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Bank of England Can Count on Carney

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For a government that has always had a bee in its bonnet about immigration it is delicately ironic that they have parachuted the Canadian, Mark Carney, into the Bank of England to become the new governor. Reports over the weekend suggested that Paul Tucker would be the man for the job, but I would think that the stench of LIBOR investigations (and his involvements with that rather sordid episode in the banking world's history) must have put paid to his chances.

Carney's job running the national central bank will have been easier in Canada than it will be in the UK. Canada is viewed to have had a 'good crisis' and the Bank of Canada was one of the torchbearers for the ultra-loose monetary policy from central banks that we have at the moment.

The make-up of its economy has also helped; it has a natural export base of commodities to fall back upon, while its main export partner in the US is growing at around 2.5% on an annualised basis. The UK has strived to retool its economy towards exports in the recent few years with little success and our main export market is continental Europe; hardly the greatest market place for goods and services at the moment.

The fact is that, from a markets point of view, we can expect that the monetary policy landscape in the near-term in the UK is unlikely to change with the appointment of Dr Carney. Every central bank in the developed world has followed a similar policy of slashing interest rates and promising to keep them lower for extended periods; we see no reason why the appointment of Dr Carney should change that.

One difference between Carney and King is towards the use of quantitative easing (QE). King has been one of the asset purchase scheme's biggest supporters, twice this year voting for an increase when the majority of the Monetary Policy Committee did not. Carney has instead been a bigger fan of what we call 'extended rate guidance'; pre-committing to ultra-low rates for an extended period to assure borrowers that rates will not surprise them anytime soon and encourage spending. King wouldn't pre-commit to what day it was, let alone to the path of rates in the future.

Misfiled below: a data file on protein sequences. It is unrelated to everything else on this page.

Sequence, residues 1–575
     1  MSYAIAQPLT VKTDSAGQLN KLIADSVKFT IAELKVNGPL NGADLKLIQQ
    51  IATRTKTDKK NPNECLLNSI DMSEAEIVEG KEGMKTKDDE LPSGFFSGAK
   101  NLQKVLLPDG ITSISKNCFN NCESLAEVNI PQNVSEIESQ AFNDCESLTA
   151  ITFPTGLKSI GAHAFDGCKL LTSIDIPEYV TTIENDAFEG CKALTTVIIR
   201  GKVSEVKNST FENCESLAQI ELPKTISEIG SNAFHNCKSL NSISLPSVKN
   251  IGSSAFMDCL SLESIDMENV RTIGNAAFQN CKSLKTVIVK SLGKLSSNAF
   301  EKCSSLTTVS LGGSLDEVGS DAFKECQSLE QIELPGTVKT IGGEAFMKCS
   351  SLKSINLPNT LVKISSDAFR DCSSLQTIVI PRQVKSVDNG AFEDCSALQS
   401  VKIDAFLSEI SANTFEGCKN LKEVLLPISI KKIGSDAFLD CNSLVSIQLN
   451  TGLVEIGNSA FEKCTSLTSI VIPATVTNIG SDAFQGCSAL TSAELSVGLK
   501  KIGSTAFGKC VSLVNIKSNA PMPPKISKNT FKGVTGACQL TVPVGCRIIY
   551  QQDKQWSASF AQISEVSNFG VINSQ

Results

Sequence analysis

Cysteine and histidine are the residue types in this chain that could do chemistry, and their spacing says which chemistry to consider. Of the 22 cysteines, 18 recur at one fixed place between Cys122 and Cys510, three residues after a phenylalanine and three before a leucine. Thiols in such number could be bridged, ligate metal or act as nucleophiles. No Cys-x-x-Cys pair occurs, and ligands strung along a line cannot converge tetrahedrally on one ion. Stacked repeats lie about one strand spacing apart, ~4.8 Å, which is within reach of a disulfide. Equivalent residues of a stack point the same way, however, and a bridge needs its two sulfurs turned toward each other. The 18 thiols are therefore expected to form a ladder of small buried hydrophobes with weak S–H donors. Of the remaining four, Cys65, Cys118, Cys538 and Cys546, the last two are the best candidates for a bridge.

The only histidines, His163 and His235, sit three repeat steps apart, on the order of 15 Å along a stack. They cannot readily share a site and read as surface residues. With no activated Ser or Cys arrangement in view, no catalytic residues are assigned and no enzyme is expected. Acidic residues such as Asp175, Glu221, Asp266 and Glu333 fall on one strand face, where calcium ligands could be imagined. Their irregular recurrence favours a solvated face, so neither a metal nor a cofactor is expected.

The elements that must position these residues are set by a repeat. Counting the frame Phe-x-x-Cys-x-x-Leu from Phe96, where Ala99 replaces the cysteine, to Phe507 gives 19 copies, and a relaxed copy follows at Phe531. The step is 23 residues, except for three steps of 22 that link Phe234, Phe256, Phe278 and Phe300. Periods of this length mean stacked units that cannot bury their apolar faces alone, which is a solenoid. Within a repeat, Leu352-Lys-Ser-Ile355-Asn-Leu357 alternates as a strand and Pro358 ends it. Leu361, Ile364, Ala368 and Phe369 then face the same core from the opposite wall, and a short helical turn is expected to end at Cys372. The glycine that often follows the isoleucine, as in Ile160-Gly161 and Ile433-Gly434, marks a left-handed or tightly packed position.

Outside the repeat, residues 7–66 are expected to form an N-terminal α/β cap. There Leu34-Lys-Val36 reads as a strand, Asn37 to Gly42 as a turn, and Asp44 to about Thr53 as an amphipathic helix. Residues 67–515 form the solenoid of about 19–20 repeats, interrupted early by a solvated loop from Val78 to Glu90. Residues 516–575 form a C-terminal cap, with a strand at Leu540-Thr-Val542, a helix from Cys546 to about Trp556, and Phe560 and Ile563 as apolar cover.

The place where policy is more likely to change is in the regulatory landscape. Much has been made of the need for regulation of the UK banking sector and the governor's job has morphed from a fairly targeted monetary policy job to one of over-arching financial tsar with responsibility over bank stability seen as a new dual-core duty for the top man on Threadneedle Street.

However, the comparisons with the UK and Canadian banking systems are few and far between. Canada's banks are a lot smaller than that of the UK, make up significantly less of the country's GDP and have lot less competition domestically and globally. The difference, without being discourteous or demeaning to the Canadians, is similar to playing a Premiership football match to one in the Champion's League. In short, the Bank of England job is one of the most important in global finance.

That said, the consensus is that the BOE have got the best man available for the job, and it's hard to disagree. Carney's standing as the head of the Financial Stability Board is an obvious arrow in his quiver on the issue of regulation and only served to enhance his credentials. Sterling has reacted positively to Carney's announcement, while the Canadian dollar slipped to a two-week low following the news and the inevitable uncertainty over his successor. I hear Mervyn King's free.

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